Cannabis law and legislation in Albania

Medical use

The use of cannabis for medical purposes is prohibited in Albania, and doctors are not allowed to prescribe it for health conditions.

In 2000, Albania has joined the Single Convention on Narcotic Drugs of 1961, which is an international treaty that prohibits the use, production and trade of listed narcotics, except for medical treatments and research. Nevertheless, to this day, this part of the treaty for the medical use of cannabis has not been enforced by Albania.

Recreational use

In 1994, the Albanian government established the “Law of Narcotic and Psychotropic Substances”, and cannabis was included in the list of controlled drugs. On 27 January 1995, the criminal code of the Republic of Albania was created, and the usage, production and trade of narcotics was prohibited. Cannabis is not listed as a specific offence, however the government made it clear that it is included in the narcotics definition.

According to Article 283 of the criminal code, sale, offer for sale, giving or receiving of any form, distribution, trading, transport, sending, delivering, and keeping, excluding cases when it is for personal use and in small doses, of narcotic and psychotropic substances and seeds of narcotic plants, in conflict with the law, is sentenced to imprisonment of from five to ten years.

The code itself does not define what “small doses” means, however in 2008 the government explained that this is not an official amount, but it is only determinable on a case-by-case basis, considering who is the offender, their age and the THC levels of the single dose that they are possessing.

Industrial use

From the late 1970s to the 1980s, cultivation and export of hemp was allowed, especially for the use in oil and textile industries. However, in the early 1990s, hemp factories started to collapse until hemp was officially classified in 2000 as a narcotic, and laws were enacted to strictly prohibit its use in any field and sector.

The Albanian government, in 2016, discussed legalising the cultivation of industrial hemp, nevertheless it was never achieved nor allowed.

It is known that Albania has been one of the biggest producers and sellers of illegal cannabis during the last 30 years, and the government fears that allowing the cultivation of industrial hemp will lead to a misuse of this substance and to a violation of every anti-drug law in force.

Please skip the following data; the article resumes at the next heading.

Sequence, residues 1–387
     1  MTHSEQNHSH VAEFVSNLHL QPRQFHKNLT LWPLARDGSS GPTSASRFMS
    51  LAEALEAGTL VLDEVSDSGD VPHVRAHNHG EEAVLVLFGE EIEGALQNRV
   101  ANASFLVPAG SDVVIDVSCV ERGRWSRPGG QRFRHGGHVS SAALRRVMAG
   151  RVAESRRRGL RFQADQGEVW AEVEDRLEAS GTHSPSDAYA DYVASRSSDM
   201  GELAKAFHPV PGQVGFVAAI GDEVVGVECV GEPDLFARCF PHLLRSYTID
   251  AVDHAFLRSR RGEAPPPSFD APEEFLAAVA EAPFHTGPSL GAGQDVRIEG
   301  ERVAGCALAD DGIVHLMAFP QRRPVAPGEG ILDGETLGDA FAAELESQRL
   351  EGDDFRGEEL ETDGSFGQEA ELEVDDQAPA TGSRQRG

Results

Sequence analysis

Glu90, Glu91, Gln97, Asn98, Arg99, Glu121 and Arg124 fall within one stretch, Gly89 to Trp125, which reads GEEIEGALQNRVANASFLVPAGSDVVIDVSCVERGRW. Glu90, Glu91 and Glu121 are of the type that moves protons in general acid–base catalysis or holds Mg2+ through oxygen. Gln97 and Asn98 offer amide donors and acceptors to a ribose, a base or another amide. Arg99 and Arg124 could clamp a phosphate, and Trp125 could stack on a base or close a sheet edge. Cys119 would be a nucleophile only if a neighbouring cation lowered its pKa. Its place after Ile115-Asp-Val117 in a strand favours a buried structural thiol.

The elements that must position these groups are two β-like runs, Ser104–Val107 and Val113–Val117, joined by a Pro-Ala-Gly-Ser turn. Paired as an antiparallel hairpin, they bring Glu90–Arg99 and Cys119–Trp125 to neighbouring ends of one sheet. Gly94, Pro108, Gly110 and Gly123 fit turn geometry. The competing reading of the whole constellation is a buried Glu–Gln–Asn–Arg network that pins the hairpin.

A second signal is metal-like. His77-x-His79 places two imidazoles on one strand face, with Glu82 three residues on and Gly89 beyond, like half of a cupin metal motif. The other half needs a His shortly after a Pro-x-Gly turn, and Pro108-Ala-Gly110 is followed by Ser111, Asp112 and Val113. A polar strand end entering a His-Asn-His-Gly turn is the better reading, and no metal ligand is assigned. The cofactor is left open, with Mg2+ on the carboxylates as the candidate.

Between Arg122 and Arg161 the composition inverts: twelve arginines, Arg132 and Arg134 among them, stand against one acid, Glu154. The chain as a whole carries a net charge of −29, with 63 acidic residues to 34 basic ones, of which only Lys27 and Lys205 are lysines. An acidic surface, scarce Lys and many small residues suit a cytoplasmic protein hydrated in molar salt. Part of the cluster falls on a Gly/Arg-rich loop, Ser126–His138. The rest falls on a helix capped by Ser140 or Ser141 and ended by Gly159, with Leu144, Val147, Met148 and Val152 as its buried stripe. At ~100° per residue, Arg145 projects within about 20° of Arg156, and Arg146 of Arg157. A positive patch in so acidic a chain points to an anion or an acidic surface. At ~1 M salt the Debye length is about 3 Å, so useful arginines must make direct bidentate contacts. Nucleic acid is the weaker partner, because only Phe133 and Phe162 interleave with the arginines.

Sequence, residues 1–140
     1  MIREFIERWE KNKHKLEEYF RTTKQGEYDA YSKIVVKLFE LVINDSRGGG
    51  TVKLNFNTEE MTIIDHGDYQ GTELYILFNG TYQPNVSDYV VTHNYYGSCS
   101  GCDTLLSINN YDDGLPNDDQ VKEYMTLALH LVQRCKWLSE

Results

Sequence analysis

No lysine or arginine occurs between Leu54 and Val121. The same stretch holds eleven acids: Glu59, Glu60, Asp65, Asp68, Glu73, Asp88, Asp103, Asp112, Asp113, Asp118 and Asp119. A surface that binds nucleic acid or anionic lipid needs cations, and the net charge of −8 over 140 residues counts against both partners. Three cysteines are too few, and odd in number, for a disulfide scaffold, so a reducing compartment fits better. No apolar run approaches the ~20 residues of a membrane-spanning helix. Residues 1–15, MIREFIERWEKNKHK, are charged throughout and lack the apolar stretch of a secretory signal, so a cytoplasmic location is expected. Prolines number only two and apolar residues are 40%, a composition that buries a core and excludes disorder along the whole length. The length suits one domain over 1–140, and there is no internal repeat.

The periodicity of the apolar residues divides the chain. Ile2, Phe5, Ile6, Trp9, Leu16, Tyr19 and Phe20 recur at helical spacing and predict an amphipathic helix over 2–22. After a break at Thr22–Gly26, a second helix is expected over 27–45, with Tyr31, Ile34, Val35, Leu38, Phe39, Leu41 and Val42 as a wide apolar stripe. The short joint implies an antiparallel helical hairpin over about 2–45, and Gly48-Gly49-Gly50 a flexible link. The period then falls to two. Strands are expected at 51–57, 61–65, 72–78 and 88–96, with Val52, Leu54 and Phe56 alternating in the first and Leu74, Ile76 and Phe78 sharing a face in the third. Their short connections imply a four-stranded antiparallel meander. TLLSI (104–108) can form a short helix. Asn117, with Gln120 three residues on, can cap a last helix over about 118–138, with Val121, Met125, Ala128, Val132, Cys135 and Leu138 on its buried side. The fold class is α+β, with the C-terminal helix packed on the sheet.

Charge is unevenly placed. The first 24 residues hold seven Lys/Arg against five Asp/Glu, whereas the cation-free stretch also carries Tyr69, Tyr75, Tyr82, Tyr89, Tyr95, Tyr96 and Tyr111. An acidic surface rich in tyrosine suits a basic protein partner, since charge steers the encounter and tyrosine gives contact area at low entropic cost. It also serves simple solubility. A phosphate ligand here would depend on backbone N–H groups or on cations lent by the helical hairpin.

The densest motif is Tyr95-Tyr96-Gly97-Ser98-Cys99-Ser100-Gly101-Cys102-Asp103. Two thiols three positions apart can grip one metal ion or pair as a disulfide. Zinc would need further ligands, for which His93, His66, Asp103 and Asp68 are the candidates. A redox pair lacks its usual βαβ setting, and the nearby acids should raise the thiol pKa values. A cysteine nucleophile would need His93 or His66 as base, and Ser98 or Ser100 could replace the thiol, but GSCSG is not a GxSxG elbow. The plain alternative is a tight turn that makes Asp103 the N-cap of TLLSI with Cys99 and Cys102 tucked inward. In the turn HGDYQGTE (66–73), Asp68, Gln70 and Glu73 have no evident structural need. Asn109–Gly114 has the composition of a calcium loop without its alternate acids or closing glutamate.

Lately, a large number of American-Albanian hemp companies are pressuring the Government into legalising the industrial use of hemp, underlying the benefits of it for the economy and the industry of the country. As of today, however, the cultivation of plants that serve or are known to serve for the production and extraction of narcotic and psychotropic substances, even for industrial purposes, is punishable by imprisonment from three to seven years. The same act, when committed in complicity, or more than once, is punishable by imprisonment up to ten years.


It is not possible to patent cannabis-based products in Albania, since every use of it is prohibited and criminalised.

Latest developments

After the National Strategy Against Drugs of 2012-2016 was implemented by Albania to fight drug abuse, cultivation, import/export and trade in general, it is unlikely that the government will change its direction and reform the drug legislation. The government itself has highlighted the drug related risks, as well as the potential impairment that narcotics might have on Albania’s integration process in the European Union.

However, at the moment, European countries are embracing cannabis use for medical and industrial purposes, therefore in the future Albania might reform its cannabis legislation at least in these two fields to conform with the other countries.

Mirko Daidone
Managing Partner
Ina Doci
Junior Associate